Jump to content
Sign in to follow this  
Nicolinux

Please analyze my print(s)

Recommended Posts

Posted · Please analyze my print(s)

Well not "at the same time" but you do get it on the same model. Because of the lag or delay, as you slow down for a sharp vertex (corner) you get some overextrusion as the extruder is slowing down but there is still pressure in the head. Getting overextrusion before the corner means you must get underextrusion somewhere else. The somewhere else is as you start the next corner - again there is a delay so the pressure isn't building back up fast enough in the nozzle as it starts the next line.

As long as you print at typical speeds the delay isn't a problem. The slower you print the less under/over extrusion you get.

If your part overall is "underextruded" it will be more noticeable *after* a sharp corner. If your part overall is "overextruded", well this is more rare, but it will most likely happen just *before* or *at* a sharp corner.

 

Share this post


Link to post
Share on other sites
Posted · Please analyze my print(s)

Ok, I understand it now.

 

If your part overall is "underextruded" it will be more noticeable *after* a sharp corner. If your part overall is "overextruded", well this is more rare, but it will most likely happen just *before* or *at* a sharp corner.

 

Very good explanation. Another thing for the cheat sheet :)

 

Share this post


Link to post
Share on other sites
Posted · Please analyze my print(s)

Another way to think about this under/over thing... if you try to print very fast (in volume terms), then you get very high pressure in the nozzle. This pushes back on the filament, causing you to get under extrusion, because the extruder motor can't push as much filament out of the hole as you are asking for. As noted before, this can amount to a 10 or 20% deficiency.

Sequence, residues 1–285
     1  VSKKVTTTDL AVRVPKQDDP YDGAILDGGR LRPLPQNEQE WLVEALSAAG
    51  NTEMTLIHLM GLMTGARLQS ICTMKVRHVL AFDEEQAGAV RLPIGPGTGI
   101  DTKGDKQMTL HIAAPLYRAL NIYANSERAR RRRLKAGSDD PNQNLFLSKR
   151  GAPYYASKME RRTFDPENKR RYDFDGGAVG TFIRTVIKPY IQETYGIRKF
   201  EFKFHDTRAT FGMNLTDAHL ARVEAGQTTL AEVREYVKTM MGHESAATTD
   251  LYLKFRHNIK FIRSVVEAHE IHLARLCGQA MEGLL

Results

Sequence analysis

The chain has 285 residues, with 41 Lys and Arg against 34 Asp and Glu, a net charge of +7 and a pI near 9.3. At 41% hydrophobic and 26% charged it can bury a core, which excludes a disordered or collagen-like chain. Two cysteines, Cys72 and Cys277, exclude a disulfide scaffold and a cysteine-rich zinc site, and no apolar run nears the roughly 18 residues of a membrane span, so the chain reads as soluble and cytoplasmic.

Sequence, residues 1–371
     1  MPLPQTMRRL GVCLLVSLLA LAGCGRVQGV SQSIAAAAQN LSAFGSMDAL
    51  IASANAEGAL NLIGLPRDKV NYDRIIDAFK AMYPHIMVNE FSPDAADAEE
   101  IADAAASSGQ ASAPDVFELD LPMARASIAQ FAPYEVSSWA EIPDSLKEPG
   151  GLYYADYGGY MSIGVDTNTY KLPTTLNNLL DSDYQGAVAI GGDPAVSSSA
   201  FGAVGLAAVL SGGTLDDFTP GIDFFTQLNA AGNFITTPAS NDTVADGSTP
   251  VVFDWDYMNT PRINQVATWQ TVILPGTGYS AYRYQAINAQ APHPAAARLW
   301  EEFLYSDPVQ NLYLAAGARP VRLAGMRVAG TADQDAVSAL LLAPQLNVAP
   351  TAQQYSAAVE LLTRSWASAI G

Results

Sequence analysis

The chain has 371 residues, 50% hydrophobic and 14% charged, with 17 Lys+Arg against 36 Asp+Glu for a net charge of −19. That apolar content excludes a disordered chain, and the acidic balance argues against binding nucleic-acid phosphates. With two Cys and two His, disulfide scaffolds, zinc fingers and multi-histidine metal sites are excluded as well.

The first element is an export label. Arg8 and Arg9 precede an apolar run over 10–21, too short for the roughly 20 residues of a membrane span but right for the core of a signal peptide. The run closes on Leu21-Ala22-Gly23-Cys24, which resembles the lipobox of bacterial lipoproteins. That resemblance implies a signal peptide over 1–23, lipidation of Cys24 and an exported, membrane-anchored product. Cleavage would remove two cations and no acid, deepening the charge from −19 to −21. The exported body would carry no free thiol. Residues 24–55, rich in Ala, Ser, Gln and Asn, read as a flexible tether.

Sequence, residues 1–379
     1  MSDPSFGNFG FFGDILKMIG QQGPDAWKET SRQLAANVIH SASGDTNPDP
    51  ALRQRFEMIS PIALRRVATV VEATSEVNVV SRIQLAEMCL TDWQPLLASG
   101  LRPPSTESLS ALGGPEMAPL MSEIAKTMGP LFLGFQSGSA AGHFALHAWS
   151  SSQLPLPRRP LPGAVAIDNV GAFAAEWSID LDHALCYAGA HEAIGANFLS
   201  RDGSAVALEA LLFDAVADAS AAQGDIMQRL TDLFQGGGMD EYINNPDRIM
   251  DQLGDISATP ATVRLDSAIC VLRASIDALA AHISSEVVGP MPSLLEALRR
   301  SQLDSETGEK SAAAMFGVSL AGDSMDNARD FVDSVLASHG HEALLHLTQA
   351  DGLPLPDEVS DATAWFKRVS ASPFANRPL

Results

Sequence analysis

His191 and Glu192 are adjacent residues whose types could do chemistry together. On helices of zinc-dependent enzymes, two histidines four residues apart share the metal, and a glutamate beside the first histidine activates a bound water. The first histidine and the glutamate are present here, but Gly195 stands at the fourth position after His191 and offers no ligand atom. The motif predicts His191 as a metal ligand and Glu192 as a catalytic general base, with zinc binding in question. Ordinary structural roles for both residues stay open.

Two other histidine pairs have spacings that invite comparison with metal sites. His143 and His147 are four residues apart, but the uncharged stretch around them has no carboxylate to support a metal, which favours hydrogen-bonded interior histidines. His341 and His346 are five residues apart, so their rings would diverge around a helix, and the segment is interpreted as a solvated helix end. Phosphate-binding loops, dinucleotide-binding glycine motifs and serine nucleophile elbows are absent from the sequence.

At the same time, the pressure in the head is such that in the parts where you want less extrusion, such as on the slow parts going into and out of corners, or on travel moves, the plastic oozes out anyway, causing local over-extrusions.

 

Share this post


Link to post
Share on other sites
Posted · Please analyze my print(s)

Man over/under extrusion is a b***h. So the only way to fight it is to print slower/colder or faster/hotter and with a smaller layer height.

I wish Cura would be a bit smarter about this and provide some tipps. I noticed that it does some sort of logic for that. I entered by accident 0.7 layer height with my .4 nozzle and Cura warned me about the print speed. Wich is nice. David should add more of these warnings. Maybe the cheat sheet will help him ;)

 

Share this post


Link to post
Share on other sites
Posted · Please analyze my print(s)

So the only way to fight it is to print slower/colder or faster/hotter and with a smaller layer height.

 

To reduce underextrusion, print slower, hotter, and with thinner layers. Hotter because the filament is less viscous.

Typical speeds for me (I like to get close to the limit):

100mm/sec 240C .2mm layer

150mm/sec 210C .1mm layer

Or for a part that needs to look beautiful:

50mm/sec 200C .2mm layer

100mm/sec 200C .1mm layer

(these last two print at the exact same volume per second)

 

Share this post


Link to post
Share on other sites
Posted · Please analyze my print(s)

Very nice. I followed your advice and printed one of my favorite models (Cuddling Owls) very very slowly:

Cuddling Owls

The big ones at 40mm/s with 190° and the little buggers at 20mm/s with 185°. They came out beautifully!

 

Share this post


Link to post
Share on other sites

Create an account or sign in to comment

You need to be a member in order to leave a comment

Create an account

Sign up for a new account in our community. It's easy!

Register a new account

Sign in

Already have an account? Sign in here.

Sign In Now
Sign in to follow this  

×
×
  • Create New...

Important Information

Welcome to the Ultimaker Community of 3D printing experts. Visit the following links to read more about our Terms of Use or our Privacy Policy. Thank you!